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Map initialization

The main class that represents a map is a MapView. MapView is wrapped by MapFragment. To display a map, MapFragment needs to be attached to the layout.

The basic steps for adding a map are:

  1. Follow the steps described in the "Getting started" section.

  2. Add MapFragment to your Activity (either using the code or layout file).

  3. Implement the OnMapReadyCallback and use the onMapReady method to get the TomtomMap object.

  4. Use the TomtomMap object to set the map properties (e.g., map mode, tiles types).


import androidx.annotation.NonNull;

 * Callback interface executed when the map is ready to be used.
 * The instance of this interface is set to {@link MapFragment},
 * and the {@link OnMapReadyCallback#onMapReady(TomtomMap)} is triggered
 * when the map is fully initialized and not-null.
public interface OnMapReadyCallback {
     * Called when the map is ready to be used.
    void onMapReady(@NonNull TomtomMap tomtomMap);


Adding the MapFragment to an XML file:

    android:layout_height="match_parent" />


Sample implementation of the OnMapReadyCallback:


private final OnMapReadyCallback onMapReadyCallback =
        new OnMapReadyCallback() {
            public void onMapReady(TomtomMap map) {
                //Map is ready here
                tomtomMap = map;
private val onMapReadyCallback = OnMapReadyCallback { tomtomMap ->
    val mapPaddingVertical = resources.getDimension(R.dimen.map_padding_vertical).toDouble()
    val mapPaddingHorizontal = resources.getDimension(R.dimen.map_padding_horizontal).toDouble()

    tomtomMap.setPadding(mapPaddingVertical, mapPaddingHorizontal,
        mapPaddingVertical, mapPaddingHorizontal)

MapView initialization

In some cases, it may be required to use "MapView" directly, instead of having "MapFragment". In such a case, you need to pass lifecycle events to 'MapView', as shown in the following example:

/** @inheritDoc */
public void onStart() {

/** @inheritDoc */
public void onResume() {

/** @inheritDoc */
public void onPause() {

public void onStop() {

public void onDestroy() {


When using Maps SDK for Android, it is required that the TomTom logo is always visible. By default, the TomTom logo is located at the bottom left corner of the map. However, you can easily customise its position to meet your app design by defining the LogoView style in style.xml file in your app.

Sample use case 1: Your app has a bottom panel which covers the TomTom logo and you need to place the logo in top right corner. To change the TomTom logo position:

<style name="LogoView" parent="BaseLogoView" >
    <item name="android:layout_gravity">bottom|left</item>
    <item name="android:layout_margin">@dimen/common_layout_zero_dp</item>


Map background color

It is possible to change the default color of the Map’s background during initialization. To achieve that there are four options:

  • Passing the param during MapView initialization at xml:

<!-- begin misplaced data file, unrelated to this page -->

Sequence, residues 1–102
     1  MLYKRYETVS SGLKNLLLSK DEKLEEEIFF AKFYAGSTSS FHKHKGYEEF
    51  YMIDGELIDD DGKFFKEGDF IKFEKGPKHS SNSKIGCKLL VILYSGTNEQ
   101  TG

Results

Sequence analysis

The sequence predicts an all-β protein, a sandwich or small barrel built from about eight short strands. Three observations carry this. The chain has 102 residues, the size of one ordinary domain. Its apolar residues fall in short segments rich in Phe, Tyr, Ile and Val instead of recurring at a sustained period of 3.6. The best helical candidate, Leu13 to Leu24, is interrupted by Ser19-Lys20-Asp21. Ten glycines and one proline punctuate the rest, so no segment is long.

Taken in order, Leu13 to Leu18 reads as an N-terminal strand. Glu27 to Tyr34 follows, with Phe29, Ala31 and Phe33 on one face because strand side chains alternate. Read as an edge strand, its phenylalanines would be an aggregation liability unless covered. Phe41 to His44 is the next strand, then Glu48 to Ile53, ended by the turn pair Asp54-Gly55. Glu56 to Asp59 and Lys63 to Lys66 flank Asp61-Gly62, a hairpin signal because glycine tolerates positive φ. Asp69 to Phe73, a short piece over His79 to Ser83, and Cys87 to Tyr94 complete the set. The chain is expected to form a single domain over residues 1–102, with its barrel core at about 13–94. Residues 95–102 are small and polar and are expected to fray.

• Passing the param during MapFragment initialization at xml:

  • Setting the mapBackgroundColor property after MapFragment creation at code:

val mapFragment = MapFragment.newInstance()
            .replace(, mapFragment)
  • Setting it globally by overriding:


<style name="MapBackgroundStyle">
    <item name="android:background">#0000ff</item>


<color name="defaultMapSurfaceColor">#0000ff</color>

Traffic flow tiles

The Maps SDK provides traffic flow overlay for both raster and vector map tiles. It is up to the user of the API to ensure that the type of traffic flow overlay matches the type of map tiles.

Traffic flow can show different information depending on selected mode:

  1. absolute - free-flow speed.

  2. relative (default) - speed relative to free-flow.

  3. relative-delay - speed relative to free-flow, but only when different.

  4. reduced-sensitivity - speed relative to free-flow, but with wider speed ranges.

Traffic incident tiles

Maintaining the currency of traffic incident tiles

Traffic incident data provided as map tiles by the Vector Incident Tiles and Raster Incident Tiles services is updated periodically to reflect the current state of traffic as closely as possible. It might happen that the traffic data changes between two requests to the service. In this situation, always requesting the most recent data may lead to inconsistencies in the visual representation of traffic - adjacent tiles may show traffic in different states. The traffic incident tile services provide a way to synchronize tiles between requests. If the ID of a traffic model is supplied in a request’s URL, the traffic model specified by that ID is used to fulfill the request. The Traffic Incident Viewport service provides the ID of the most recent traffic model shared between all tiles within provided viewport.

The Maps SDK automatically synchronizes traffic incident tiles displayed on the map and maintains their currency by periodically requesting traffic model ID for the current viewport.

The Maps SDK requests current traffic model ID from the Traffic Incident Viewport service every 30 seconds as long as the visibility of at least one traffic incident layer is set to true. If the new ID and the current one are different, new traffic incident tiles are requested from the respective service. All regular charges apply.